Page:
• minimise (but don’t exclude) the use of highly concentrated manufactured fertilisers;

• use almost no insecticides (‘organic’ or ‘chemical’, and always the least toxic option; some ‘organic’ chemicals like derris dust are more toxic than many ‘chemical’ pesticides)

• use only organic fungicides, rarely and sparingly (cultural prevention is preferable),

• use herbicides rarely… and only via spot spraying or cut-and-swab, only in preparing the new area, and no longer at all in the old garden

• plant using the microclimate principles of permaculture

• improve soil following organic principles, and so on. I’m 95%-98% organic in my practices, but a truly organic gardener by definition requires 100% compliance.

I’m looking forward to applying BD500 and BD 501, the biodynamic soil conditioners, although, again, I’m far from a biodynamic gardener. Burying cow manure in cow horns for a certain time, then agitating it in water, and sprinkling it onto soil in the late afternoon or at night, is based on Rudolph Steiner’s teachings and may sound like voodoo to many… but it also makes scientific sense when it’s viewed as a microbial soil inoculant, activated in highly oxygenated water and then applied when the sterilising effect of sunlight is minimised. My interpretation of BD500’s action, and my cherry-picking from what is intended as a holistic approach, may offend some practitioners, but so be it. At worst, BD500 won’t improve my soil. That wouldn’t mean it doesn’t work, it would only mean it didn’t work in my garden (either because I haven’t incorporated additional components of biodynamics, or for other reasons). However, many years ago I saw the unmistakable improvements BD500 and BD501 made to a relative’s dairy farm, so I’m open-minded and optimistic.

I applied another soil inoculant, Go-Go juice, to the new garden area this morning; I’m considering biochar as well. The one belief I won’t incorporate is lunar planting… but then I don’t believe in astrology, either.

I’m also ambivalent about the term ‘chemical’, used pejoratively in many gardening circles. But everything, organic or otherwise, is comprised of ‘chemicals’. Inappropriately-applied, highly-concentrated organic fertilisers, like fresh chicken manure, burn plant roots and kill soil fauna as effectively as manufactured fertilisers. Avoiding chemicals is impossible, and chemicals, as a group, are not inherently ‘bad’ or ‘good’, although individual chemicals may be harmful or beneficial depending on how they’re used.

So what’s the point of this blog if it’s not to throw my weight behind any one philosophy? Well, just that, actually.

In the past, average home gardeners just got stuck in and did it. Today, in my opinion, there’s often an unspoken implication that you’re a sinner if you don’t follow a certain gardening philosophy. Customers come into the nursery where I work and guiltily, apologetically, ask for glyphosate, or a ‘sledgehammer’ pesticide that requires just one application. It’s as if they’re buying an illegal substance, or asking for magazines in plain brown wrappers from under the counter! Sometimes, it’s appropriate to encourage softer (or no) control options, but other times customers are elderly, frail, or time poor. Sometimes they have their hearts set on a product and it’s pointless recommending anything else because it’s a matter of faith or culture – “Dad always used it”. Even if my scientific knowledge were infallible (ho-ho, far from it, very far from it indeed!), if science is not the determining factor in the customer’s decision-making, my opinion is irrelevant.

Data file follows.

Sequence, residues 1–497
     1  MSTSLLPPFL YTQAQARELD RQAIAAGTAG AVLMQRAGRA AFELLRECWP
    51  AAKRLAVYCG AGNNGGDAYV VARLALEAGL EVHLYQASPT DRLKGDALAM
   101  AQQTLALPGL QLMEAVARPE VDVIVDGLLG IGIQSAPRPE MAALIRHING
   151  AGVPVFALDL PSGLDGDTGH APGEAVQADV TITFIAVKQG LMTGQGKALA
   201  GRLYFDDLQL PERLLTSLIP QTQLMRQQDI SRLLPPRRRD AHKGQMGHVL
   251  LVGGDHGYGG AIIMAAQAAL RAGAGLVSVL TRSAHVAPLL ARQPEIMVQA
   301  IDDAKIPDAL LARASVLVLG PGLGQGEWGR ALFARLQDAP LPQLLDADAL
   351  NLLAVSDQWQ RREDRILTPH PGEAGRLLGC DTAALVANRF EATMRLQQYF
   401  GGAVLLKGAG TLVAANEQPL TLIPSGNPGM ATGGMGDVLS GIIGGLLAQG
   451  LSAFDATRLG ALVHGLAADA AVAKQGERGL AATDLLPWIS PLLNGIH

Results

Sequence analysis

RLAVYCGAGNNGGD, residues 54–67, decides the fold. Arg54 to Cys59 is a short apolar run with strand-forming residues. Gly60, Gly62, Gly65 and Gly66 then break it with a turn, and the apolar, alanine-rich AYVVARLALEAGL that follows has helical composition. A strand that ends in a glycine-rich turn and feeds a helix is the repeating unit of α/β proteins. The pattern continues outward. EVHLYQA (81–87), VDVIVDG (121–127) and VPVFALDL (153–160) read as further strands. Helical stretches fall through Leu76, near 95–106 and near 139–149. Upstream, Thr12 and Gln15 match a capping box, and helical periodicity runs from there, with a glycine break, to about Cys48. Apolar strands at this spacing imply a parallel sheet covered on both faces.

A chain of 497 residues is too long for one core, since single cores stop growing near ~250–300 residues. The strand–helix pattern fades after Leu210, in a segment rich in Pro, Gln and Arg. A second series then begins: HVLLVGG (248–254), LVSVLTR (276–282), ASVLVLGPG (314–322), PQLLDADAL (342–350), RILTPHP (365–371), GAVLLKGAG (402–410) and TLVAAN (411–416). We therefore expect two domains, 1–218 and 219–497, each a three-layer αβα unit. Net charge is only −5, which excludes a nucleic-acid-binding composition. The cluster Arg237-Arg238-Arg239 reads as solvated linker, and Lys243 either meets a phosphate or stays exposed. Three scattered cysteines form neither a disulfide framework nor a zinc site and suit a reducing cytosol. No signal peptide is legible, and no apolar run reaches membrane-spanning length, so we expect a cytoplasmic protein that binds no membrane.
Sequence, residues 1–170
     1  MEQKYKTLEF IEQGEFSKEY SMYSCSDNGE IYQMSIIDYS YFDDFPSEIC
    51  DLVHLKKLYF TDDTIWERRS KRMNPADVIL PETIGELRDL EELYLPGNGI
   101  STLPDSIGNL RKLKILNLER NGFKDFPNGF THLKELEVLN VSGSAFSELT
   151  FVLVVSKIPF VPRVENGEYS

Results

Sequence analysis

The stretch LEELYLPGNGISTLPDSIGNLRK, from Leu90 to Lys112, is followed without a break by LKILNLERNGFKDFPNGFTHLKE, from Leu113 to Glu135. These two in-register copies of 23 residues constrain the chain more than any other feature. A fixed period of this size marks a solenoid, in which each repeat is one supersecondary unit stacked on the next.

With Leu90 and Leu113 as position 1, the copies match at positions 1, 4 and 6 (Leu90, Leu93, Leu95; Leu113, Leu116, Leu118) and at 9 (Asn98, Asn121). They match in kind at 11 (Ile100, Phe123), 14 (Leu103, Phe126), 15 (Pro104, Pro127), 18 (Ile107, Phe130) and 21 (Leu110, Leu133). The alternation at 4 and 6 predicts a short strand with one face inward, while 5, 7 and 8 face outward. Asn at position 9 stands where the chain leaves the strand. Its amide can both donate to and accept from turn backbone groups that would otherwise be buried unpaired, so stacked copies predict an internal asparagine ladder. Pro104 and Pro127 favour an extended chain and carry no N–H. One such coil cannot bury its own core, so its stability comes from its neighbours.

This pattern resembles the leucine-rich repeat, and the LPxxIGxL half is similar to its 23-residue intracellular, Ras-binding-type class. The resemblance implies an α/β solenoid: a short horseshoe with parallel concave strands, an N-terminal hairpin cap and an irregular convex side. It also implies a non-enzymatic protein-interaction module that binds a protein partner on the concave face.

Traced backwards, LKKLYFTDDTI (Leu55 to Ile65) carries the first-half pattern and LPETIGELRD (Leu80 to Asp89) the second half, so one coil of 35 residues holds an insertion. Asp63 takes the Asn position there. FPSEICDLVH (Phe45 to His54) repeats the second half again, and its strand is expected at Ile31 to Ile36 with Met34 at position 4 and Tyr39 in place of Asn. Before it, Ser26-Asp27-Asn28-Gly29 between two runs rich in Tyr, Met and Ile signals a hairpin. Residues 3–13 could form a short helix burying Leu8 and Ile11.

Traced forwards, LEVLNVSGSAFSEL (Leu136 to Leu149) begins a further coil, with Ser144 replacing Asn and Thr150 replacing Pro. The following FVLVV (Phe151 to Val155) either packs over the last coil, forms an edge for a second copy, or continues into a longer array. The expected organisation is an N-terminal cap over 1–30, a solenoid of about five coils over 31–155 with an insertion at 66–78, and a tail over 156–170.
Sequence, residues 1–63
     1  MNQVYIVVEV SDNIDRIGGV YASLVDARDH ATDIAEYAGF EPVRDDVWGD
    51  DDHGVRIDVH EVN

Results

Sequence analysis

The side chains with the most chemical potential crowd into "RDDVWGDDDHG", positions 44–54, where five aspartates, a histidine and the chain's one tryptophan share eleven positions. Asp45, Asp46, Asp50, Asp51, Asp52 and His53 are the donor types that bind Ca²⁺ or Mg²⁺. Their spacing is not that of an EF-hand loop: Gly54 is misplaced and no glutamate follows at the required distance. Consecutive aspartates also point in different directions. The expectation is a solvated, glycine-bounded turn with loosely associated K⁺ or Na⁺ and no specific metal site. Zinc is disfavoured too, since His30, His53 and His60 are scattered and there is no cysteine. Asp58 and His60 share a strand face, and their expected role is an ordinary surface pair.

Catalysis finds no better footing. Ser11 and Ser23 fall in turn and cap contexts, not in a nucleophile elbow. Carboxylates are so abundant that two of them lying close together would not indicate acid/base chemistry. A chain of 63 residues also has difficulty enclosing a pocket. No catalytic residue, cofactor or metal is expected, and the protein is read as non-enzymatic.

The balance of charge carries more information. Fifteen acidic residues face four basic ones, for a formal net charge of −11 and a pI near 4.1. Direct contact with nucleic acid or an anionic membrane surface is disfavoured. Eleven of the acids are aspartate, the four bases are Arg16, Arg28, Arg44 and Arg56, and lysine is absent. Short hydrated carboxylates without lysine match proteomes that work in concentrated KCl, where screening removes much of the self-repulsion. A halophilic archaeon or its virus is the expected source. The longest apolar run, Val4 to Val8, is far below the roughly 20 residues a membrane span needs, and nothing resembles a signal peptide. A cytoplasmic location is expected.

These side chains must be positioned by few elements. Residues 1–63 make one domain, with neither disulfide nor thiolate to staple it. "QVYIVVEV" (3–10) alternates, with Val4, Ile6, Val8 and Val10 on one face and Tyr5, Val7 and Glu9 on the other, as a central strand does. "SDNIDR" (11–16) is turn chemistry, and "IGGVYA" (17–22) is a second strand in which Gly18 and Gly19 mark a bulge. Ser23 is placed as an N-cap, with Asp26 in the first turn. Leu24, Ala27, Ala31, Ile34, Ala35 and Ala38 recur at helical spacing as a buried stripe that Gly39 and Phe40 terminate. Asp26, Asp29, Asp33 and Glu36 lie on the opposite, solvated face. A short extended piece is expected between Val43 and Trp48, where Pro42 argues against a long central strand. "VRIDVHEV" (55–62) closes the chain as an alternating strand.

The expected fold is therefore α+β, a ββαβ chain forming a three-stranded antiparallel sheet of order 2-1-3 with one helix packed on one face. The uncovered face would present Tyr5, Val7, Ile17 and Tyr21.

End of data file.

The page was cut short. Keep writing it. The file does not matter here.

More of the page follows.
As Marcelle noted, many organically-inclined gardeners buy organic products that aren’t technically so (eg synthetic pyrethroid ‘Pyrethrum spray’) or products that are based on organic materials but which have manufactured chemicals added. The confusion isn’t helped by manufacturers who are sneaky with their labelling.

So what’s the point of this blog? Of course I’m presenting and defending my own gardening philosophy – it’s inherent even (or especially) in blogs like the last one, ‘Diet‘ – and readers will variously agree, disagree or not care. But I hope that some will cherry-pick ideas that suit them, or re-think their own approaches, just as I do when I read others’ blogs, articles and books. All of us gardeners develop over time, fine-tuning our skills and techniques to suit our personal situation. Thankfully, none of us spring fully-formed from any gardening guru’s brow!

I hope to encourage gardeners in their pursuit, however they’re pursuing it, not to brow-beat them onto another path. Maybe some will be persuaded to take a different fork in the road but, if not, the important thing is that gardeners are inspired and supported. With the walls of so many houses nowadays touching property boundaries, outdoor “rooms” of paving and bricks, and many children unable to identify the provenance of cotton as animal or vegetable, surely any road that encourages gardeners to keep going, via whatever route, is a positive goal.

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Helen McKerral

About Helen McKerral

Horticultural journalist, photographer, contributor to many garden magazines, and author of 'Gardening on a Shoestring'. Adelaide Hills, South Australia